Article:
groooooove Supporting Member

    Dec 17, 2008
    Long Island, NY
    now, i suspect something is wrong with the bass in the photos- but i can't see what.

    to my eye, it looks like the wood on the sides and back is pretty nice. would we all agree the internals, or assembly at least, of this bass are most likely a disaster?

    what if one bought those unfinished parts and dropped them off at a qualified bass luthier and asked for them to do what they can with finishing it?

    i wouldn't dream of it, i've got too many basses and dont need a new project. but i'd be curious to see the result if someone else did.
     
  6. Eric Hochberg

    Eric Hochberg

    Jul 7, 2004
    Chicago
    If your "trustworthy" luthier gave you the green light on this project, then it's time for a different luthier, IMO. With all the problems mentioned above, green wood is another to beware of with Asian basses. You can purchase a decent starter bass for around $1500 which will be far less than what it will cost you to put together a parts bass.

    Edit: I see you're looking for a carved bass so my $1500 bass suggestion doesn't apply, but the the rest does. If you are looking for a good carved bass, my first recommendation is to go out and play many. If you can't do that and decide to buy without having hands/ears on, only buy from a reputable bass shop that will give you some kind of warranty on a new instrument.
     
    Last edited: Nov 14, 2015
    MIKMAN, drurb and Jake deVilliers like this.
  7. Dcasali

    Dcasali

    Jan 21, 2013
    I want to thank each and everyone of you for your feedback. You guys probably saved me a lot of pain and heartache. I am pretty handy with woodworking and just thought some of those skills could simply transfer over. My curiosity got the best of me and it would run $1,000 just to get that unfinished neck and body over here. Then the fun begins right? As you guys can tell I am a novice when it comes to how a bass is made and assembled and all of your advice is well heeded. I agree that the front panel does not look at good as the back and sides so that was a red flag from the get go! THANKS GUYS! I have officially given up this endeavor. Now....I am looking for a good carved bass in the $4K-6K range. My hunt begins.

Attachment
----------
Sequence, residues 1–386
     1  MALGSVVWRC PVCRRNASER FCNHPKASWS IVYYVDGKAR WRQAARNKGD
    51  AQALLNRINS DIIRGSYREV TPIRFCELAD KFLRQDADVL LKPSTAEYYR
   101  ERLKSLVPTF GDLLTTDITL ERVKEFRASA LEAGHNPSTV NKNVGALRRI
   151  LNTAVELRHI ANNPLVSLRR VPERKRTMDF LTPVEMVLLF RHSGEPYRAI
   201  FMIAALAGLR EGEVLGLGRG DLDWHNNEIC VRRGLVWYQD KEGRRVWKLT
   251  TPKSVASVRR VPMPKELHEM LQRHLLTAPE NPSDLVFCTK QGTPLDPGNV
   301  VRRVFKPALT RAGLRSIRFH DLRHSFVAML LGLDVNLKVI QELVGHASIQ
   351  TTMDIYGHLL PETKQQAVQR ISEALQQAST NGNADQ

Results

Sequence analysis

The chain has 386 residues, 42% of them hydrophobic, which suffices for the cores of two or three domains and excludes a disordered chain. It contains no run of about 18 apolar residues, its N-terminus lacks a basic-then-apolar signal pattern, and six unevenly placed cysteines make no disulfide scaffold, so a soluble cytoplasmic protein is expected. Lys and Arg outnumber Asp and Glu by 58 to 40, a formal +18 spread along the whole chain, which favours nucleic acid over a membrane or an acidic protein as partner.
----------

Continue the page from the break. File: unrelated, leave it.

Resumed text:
drurb, Sam Sherry and Eric Hochberg like this.
  8. james condino

    james condino Spruce dork Supporting Member Commercial User

    Sep 30, 2007
    asheville, nc
    You'll spend $3500 polishing a turd and still wind up with a $300 piece of junk made by 11 year old Chinese kids....!

    Building your own bass is an amazing journey and I highly recommend it, but this is not the way to go about it.
     
    MIKMAN and drurb like this.
  9. Since you are in NY, try contacting Ideal Music in upstate to see what they still have left in their warehouse. They are shutting down after decades as a mom 'n' pop, but they still list on eBay if you need a contact link.
     
  10. Last I remember, Ideal was on West 88th in Manhattan, not upstate. If they have any basses in stock, you could do a lot worse than Ideal (Mrs. Loeb is a gem) but their setup work is less than ideal, had har.

    That said, there is a ton of good stuff to be had for $6k or less in the metropolitan area or within a few hours' drive. Feel free to PM me for suggestions.
     
  11. Dcasali

    Dcasali

    Jan 21, 2013

    I visited IDEAL Music back in 2010 when I was looking to purchase my first bass. I do remember Mrs. Loeb and she was a wonderful lady! (More people should be like her in this world!). I was doing to shopping around and ended up at David Gage where I purchased and UPTON made exclusively for DG. I know play old Kay's but still would like to investigate a nice carved bass. I don't know how to IM...(still a greenie on TB)...can you PM me some suggestions on where to look. THANKS!
     
  12. TroyK

    TroyK Moderator Staff Member

    Mar 14, 2003
    Seattle, WA
    I think all of the points mentioned and more are good reasons not to do this and since it seems that the OP has accepted that answer, I'm going to close this thread before it goes off the rails. The idea that there are great instruments on eBay or that a first bass is a good DIY project tends to bring out the worst in people around here.

    I think best to call this "asked and answered" and suggest a good read of the sticky in this forum and some talkbass search function to expore another step forward. You can private message anyone by going to their profile and clicking "start a conversation".
     
    Clark Dark likes this.